[bctt tweet=”My goal all along is to make it feel familiar.” username=”hecklerkaneinc”]
Who was your first interview?
That was my producer’s idea. He thought it might bring in some new listeners and it might be a cool thing for me. We initially started talking to people who had written books. My first interview was with Gary Wright who sang the song Dream Weaver. He also wrote a book about his relationship with George Harrison of The Beatles. From there we started targeting other authors.
After him came A.E. Hotchner who was Ernest Hemingway’s best friend. That is hands down my favorite interview. Talking with someone who went to Spain with Hemingway, who went to bull fights with him. Who has a book dedicated to him by Hemingway. He’s the man. Then we started expanding. We started talking to musicians and actors and it just became its own entity.
What got you into film?
When I was living in Los Angeles I did a bunch of work in production. I was a PA in a couple of different movie sets. I worked with a couple of different directors as a personal assistant. I’ve always liked the process of making movies and I love the creativity of it. It’s all about storytelling in the end. Movies are just another way to do that.
What are your top 3 movies of all time?
Number 1 would have to be Midnight in Paris, the Woody Allen movie. It’s beautiful, set in the 1920’s and it’s got Ernest Hemingway in it and Fitzgerald. Beyond that I am a huge horror movie fan. I like the weird messed up horror movies, like the 1970’s exploitation style ones. Maybe the original Last House on the Left. Texas Chainsaw Massacre, the original is great. This is going to sound really weird after saying that but I love The Muppet Movie.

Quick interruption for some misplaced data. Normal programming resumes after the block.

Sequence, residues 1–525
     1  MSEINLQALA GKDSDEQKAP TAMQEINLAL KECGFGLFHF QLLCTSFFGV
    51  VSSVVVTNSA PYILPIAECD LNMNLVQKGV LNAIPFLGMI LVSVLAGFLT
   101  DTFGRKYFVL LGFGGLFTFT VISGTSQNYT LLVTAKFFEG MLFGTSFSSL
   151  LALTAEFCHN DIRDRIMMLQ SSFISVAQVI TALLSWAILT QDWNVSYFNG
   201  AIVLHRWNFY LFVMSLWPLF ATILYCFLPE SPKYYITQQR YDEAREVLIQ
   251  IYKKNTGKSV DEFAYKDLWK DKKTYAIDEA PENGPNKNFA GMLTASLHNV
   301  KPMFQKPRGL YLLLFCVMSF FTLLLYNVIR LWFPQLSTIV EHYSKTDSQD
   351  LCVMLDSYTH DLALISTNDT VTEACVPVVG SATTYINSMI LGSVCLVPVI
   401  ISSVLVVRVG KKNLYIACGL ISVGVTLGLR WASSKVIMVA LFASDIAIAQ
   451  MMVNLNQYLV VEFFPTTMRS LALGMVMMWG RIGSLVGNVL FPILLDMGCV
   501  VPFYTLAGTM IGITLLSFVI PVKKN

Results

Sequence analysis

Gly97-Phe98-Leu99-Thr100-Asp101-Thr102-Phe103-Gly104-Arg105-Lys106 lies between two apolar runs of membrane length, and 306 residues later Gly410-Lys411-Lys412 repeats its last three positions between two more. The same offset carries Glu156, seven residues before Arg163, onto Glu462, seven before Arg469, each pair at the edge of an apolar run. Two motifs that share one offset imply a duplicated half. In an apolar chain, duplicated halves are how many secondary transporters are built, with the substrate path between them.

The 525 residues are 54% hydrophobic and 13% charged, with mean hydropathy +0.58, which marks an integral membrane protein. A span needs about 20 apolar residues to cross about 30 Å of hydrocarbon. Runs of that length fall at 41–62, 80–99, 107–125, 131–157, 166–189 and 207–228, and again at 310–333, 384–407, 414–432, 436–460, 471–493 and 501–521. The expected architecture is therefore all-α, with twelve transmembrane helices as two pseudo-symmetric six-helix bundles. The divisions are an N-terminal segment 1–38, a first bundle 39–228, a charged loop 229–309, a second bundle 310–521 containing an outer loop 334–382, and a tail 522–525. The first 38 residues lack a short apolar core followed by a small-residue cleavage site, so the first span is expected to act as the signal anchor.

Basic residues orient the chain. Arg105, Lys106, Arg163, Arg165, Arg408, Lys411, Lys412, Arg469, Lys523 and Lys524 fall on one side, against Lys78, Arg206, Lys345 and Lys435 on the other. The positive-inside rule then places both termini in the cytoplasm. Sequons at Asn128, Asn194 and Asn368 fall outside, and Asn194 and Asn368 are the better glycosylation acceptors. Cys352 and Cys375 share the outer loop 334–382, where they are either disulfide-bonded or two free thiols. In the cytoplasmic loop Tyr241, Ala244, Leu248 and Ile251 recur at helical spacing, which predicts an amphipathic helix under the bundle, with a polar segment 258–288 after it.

If you could interview anyone living or past who would it be and why?
I gotta say that would be Jim Henson. He was such an innovator. He came up with something that is beloved by people. What I love about The Muppets so much is that they’re kinda like regular people. They’re wacky, they’re crazy, they’re snarky and a little mean sometimes. It’s the best combination, with such heart at the same time. Just the legacy that he left behind, I would love to hear his inspiration right from him.
You might also like our interview with Director David Bousquet
What was your experience like interviewing actor Eric Roberts?
It was crazy. Going into interviews where you’re talking to someone you’ve admired, whose work you’ve watched for decades, it’s a little daunting at first. He’s such a nice guy, open and friendly that you can just roll with the conversation. The moment I had to just pause and picky my jaw off the floor is when he did his character from Pope of Greenwich Village. He did this quick impression of him.
It was so incredible to know that I was talking to this guy and he’s telling me his stories. He’s telling me how he created this character. It’s moments like that where all the hard work, all the hours spent prepping for these interviews that just makes it all worthwhile.
What’s the reason for sharing so many of your personal stories with your audience?
It takes a lot of courage to put yourself out there that way. I think it initially started off as therapy for me. My book kind of was. I was trying to work out the details of a really messed up relationship and I did a lot of that through writing the book. Now it’s just fun.